Wildlife populations plummet as human population nears 8 billion
Written by Olivia Nater | Published: October 17, 2022
A new report reveals monitored populations of wild mammals, fish, reptiles, birds and amphibians have declined by an average of 69% over nearly 50 years, while conservation efforts have failed to tackle the root causes of biodiversity loss.
The Living Planet Report, published by the World Wide Fund for Nature (WWF) every two years, is a comprehensive analysis of trends in global biodiversity and the health of our planet. This year’s report, co-authored by 89 researchers, shows that despite three decades of conservation interventions, biodiversity loss continues unabated.
Compared to the 2020 edition (which showed a 68% decline between 1970 and 2016), the dataset for the 2022 report includes 838 additional species and 11,011 new populations, bringing the total to 5,230 species and almost 32,000 populations. The new report estimates a 69% decrease in wild vertebrate populations from 1970 to 2018. It notes that during that time, the human population doubled (from 3.7 billion to 7.6 billion), while the global economy grew nearly fourfold and global trade expanded tenfold.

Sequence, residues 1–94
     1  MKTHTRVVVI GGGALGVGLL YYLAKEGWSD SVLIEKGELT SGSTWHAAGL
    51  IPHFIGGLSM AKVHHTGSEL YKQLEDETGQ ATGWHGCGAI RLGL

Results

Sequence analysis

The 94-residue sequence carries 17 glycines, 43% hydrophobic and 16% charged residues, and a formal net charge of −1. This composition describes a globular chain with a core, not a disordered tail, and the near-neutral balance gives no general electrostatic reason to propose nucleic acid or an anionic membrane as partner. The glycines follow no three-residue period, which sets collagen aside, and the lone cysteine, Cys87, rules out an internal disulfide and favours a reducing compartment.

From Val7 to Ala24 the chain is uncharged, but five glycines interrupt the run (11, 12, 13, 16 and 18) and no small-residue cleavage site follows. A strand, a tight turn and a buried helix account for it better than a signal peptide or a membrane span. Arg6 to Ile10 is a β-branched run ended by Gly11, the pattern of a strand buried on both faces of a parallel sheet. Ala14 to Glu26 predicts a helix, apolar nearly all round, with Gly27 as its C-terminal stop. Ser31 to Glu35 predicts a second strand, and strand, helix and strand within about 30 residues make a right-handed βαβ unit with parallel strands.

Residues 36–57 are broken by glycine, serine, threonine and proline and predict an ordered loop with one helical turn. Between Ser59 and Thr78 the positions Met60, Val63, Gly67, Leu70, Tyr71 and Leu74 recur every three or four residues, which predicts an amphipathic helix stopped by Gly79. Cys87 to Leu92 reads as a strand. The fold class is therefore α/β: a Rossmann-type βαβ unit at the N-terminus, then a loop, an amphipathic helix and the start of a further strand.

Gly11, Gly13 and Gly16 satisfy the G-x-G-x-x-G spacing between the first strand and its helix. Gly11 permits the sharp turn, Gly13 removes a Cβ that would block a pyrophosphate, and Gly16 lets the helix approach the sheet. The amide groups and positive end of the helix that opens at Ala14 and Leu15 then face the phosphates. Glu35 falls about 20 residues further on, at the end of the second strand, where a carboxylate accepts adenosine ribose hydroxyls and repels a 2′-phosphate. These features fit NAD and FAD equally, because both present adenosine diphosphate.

Differences between regions and species
The worst affected geographic region is Latin America and the Caribbean, with a staggering 94% drop in wild vertebrate populations over five decades, followed by Africa (66%), Asia-Pacific (55%), North America (20%), and Europe and Central Asia (18%).
The large decline in Latin America is largely attributed to deforestation, especially of the Amazon rainforest, a biodiversity hotspot. Deforestation rates are increasing, and currently around 10 million hectares of forest are cleared globally every year—an area equivalent to the size of Portugal or Indiana.
Agriculture is the primary driver of deforestation and other habitat loss, using 50% of all habitable land. Expanding human populations, farmland and infrastructure are also causing severe habitat fragmentation, making it more difficult for wild animals to move between areas and increasing their risk of extinction. Only 10% of the world’s terrestrial protected areas are connected, and two-thirds of important areas linking protected areas have no protections whatsoever.
Freshwater animals have suffered the worst, with monitored populations having dropped by an average of 83% since 1970. More than half of the human population lives within 3 km (1.9 miles) of freshwater bodies, which are heavily impacted by water overextraction, artificial damming and diversion, overfishing, and pollution. Many freshwater species have to migrate to complete their lifecycle, but they often encounter barriers, with only 37% of rivers longer than 1,000 km (600 miles) remaining free-flowing along their entire length.
A growing threat: climate change
The report suggests that while habitat destruction and overexploitation of species (such as overfishing and hunting) are still by far the biggest causes of biodiversity loss, climate change may soon become the dominant threat if we fail to uphold the Paris Agreement of limiting warming to less than 2°C, and “preferably” 1.5°C.